March 19, 2012 by Nash Riggins
The United Nations Educational, Scientific and Cultural Organisation (UNESCO) is without doubt one of the UN’s more unique bodies – that is to say, unlike other UN organisations, UNESCO actually accomplishes a select few of the goals printed out within its manifesto (ie housing the impoverished, feeding the hungry, educating the illiterate, etc).
Yet amidst the organisation’s announcement last week regarding ‘severe’ budget cuts, it has become evidently clear that nearly a third of UNESCO’s charitable work will be scrapped by year’s end. Are these tight budget constraints merely a sign of the international business community’s harsh economic climate? Not precisely.
Let’s backtrack about five months: as the state of Palestine continues its turbulent road toward statehood, UNESCO decides to extend membership to the struggling nation – why? One might assume that direct membership of the body could make it easier in order for the UN to offer much-needed relief to refugees of the region’s numerous conflicts – or indeed, perhaps the move was simply guided by the caring spirits in Palestine that yearn to give back to their international community – it’s hard to say. What can be agreed upon, however, is that not everyone was pleased by UNESCO’s decision.
Palestine’s campaign for international recognition of its independent statehood has hopelessly spanned generations, yet in recent months the movement is at long last gaining relative international momentum. In fact, over 100 member-states within the UN are fully prepared to vote in favour of the legitimacy of Palestine’s independence – however, just as the veto of a stubborn Russia was able to hamper the UN’s efforts to intervene in Syria, the US has vowed to veto any and every petition concerning Palestine.
Coincidentally, this vow is immortalised within American legislature via a 1994 law stipulating that absolutely no US funding can be given to “any affiliated organization … which grants full membership as a state to any organization or group that does not have the internationally recognized attributes of statehood.” In this particular case, it’s most likely a fair assumption that the phrase “any organisation” is code for “only Palestine,” but that’s neither here nor there.
Yet it is for this reason that the US Congress voted to scrap the country’s funding toward UNESCO and its charitable endeavours – unfortunately, it just so happened that the US was also one of the organisation’s largest benefactors. As a result, UNESCO’s revised 2012/13 budget now stands at $435m, versus last year’s projection of $653m.
For the international community, these cuts spell unequivocal misfortune for all. As a direct result of America’s withdrawal of funding, a programme designed to provide 950,000 people with clean water has been completely abandoned, along with education programmes for children in South Sudan, a global Holocaust education project and a new early warning system for tsunami hot spots throughout Asia. Thanks to the misguided ignorance of American foreign policy, even UK and American military operations in Afghanistan are going to suffer.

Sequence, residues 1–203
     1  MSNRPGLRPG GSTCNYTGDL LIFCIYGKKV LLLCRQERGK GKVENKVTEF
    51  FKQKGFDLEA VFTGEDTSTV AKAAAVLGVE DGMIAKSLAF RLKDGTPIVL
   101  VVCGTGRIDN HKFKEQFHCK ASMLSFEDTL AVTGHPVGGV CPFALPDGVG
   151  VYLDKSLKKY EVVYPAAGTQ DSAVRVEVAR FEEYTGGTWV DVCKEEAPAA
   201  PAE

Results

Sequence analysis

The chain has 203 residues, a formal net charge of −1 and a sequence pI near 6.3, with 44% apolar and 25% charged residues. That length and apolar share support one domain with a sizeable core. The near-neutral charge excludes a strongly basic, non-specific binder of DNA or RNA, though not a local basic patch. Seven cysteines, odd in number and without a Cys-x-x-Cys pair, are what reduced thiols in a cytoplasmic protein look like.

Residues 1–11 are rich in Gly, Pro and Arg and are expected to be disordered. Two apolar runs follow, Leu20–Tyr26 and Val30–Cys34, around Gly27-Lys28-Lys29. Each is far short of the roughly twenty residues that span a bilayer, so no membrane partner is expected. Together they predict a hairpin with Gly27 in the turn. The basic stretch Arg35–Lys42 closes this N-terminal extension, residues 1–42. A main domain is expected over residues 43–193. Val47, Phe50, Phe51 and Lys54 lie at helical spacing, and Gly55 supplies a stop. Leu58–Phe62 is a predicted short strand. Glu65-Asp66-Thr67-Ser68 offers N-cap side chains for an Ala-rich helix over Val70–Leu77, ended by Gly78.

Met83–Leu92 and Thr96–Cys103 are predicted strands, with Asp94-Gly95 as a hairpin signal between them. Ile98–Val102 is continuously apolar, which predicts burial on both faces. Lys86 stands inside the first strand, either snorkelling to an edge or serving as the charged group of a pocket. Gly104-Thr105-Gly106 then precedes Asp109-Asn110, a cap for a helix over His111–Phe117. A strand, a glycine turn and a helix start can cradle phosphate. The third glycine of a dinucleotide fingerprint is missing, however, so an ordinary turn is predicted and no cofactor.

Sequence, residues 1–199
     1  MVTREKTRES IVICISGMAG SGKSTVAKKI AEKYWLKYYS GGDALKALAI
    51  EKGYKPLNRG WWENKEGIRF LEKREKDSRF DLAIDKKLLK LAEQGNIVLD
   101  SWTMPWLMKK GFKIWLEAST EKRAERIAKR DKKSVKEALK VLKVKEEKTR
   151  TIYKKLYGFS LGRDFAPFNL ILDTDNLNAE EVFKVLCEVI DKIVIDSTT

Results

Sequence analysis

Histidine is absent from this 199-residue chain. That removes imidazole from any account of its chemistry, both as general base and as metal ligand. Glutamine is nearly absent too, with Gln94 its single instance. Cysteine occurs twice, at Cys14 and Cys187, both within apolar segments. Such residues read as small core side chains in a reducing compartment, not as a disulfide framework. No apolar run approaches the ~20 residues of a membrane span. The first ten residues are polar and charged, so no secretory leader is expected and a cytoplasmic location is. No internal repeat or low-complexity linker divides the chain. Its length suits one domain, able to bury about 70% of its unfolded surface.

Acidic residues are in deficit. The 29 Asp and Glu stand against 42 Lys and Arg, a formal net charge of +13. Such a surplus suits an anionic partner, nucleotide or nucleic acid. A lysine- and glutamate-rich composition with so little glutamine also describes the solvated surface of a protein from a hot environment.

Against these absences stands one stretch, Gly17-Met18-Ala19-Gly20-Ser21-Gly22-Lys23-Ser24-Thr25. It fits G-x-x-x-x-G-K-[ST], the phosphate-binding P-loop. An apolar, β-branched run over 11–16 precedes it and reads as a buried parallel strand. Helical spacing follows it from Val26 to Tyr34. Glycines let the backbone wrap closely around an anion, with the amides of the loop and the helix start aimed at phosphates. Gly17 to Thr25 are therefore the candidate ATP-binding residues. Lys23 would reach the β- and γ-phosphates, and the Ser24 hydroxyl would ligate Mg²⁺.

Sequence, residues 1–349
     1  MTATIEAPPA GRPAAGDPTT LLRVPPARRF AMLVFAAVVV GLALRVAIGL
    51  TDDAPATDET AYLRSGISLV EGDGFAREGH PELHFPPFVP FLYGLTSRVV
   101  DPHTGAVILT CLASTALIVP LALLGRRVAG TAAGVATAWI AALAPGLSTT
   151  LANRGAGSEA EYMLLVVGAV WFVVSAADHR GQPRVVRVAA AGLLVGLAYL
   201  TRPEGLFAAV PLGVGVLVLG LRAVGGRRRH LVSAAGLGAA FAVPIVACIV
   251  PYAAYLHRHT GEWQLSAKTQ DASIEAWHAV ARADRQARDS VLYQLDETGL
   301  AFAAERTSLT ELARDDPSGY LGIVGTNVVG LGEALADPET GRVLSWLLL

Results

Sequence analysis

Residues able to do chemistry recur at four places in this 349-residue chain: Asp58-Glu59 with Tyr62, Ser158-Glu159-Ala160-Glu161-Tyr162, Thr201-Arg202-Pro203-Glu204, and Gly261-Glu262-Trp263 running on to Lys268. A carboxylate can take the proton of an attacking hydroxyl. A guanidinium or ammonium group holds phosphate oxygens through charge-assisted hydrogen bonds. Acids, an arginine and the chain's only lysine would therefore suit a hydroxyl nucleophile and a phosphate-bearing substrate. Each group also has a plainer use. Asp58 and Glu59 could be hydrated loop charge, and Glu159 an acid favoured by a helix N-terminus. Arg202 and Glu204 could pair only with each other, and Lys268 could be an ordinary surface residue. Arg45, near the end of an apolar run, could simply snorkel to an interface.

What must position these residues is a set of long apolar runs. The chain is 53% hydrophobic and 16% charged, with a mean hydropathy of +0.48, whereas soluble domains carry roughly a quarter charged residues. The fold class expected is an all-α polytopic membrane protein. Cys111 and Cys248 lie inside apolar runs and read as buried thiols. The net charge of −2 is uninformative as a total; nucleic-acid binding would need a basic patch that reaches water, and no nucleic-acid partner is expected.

As the world watches President Obama and David Cameron’s cheery court-side chats regarding the inevitable upcoming withdrawal of Anglo-American forces from Afghanistan, has anyone stopped to think about the fact that the country is about to be placed into the hands of a police force that boasts a 70% rate of illiteracy? UNESCO had designed a programme to educate these officers free of charge – yet budget restrictions have rendered this undertaking just out of the cards.
The phrase ‘shooting yourself in the foot’ is thrown around a lot these days, yet it’s never been more prevalent than in the case of America’s withdrawal of UNESCO funding. The entire world is ready to recognise Palestine as an independent state – yet because of America’s resolute assertion that the declaration may endanger Israeli foreign interests, essential foreign aid projects that stand to benefit millions of people will never see the light of day.
It’s one thing to stand up for what you believe in, but quite another to stand in the way of progress based simply upon a grudge. Palestine’s membership in UNESCO hasn’t led to its full statehood in the UN, nor has it led to a catastrophic war on the West Bank – so why cut funding to the world’s most effective humanitarian organisation, simultaneously risking the future of one of Anglo-America’s most ill-advised foreign intervention project ever conceived? Unfortunately, that’s not a question that anyone is fully prepared to answer; the only apparent solace anyone can offer is that UNESCO will soldier on, helping where it can, when it can. Meanwhile, the rest of the world is merely left to hope and dream that America’s legislative branch will one day have the common sense to be wiser about picking its battles in order to correct its misguided and ignorant take on foreign policy.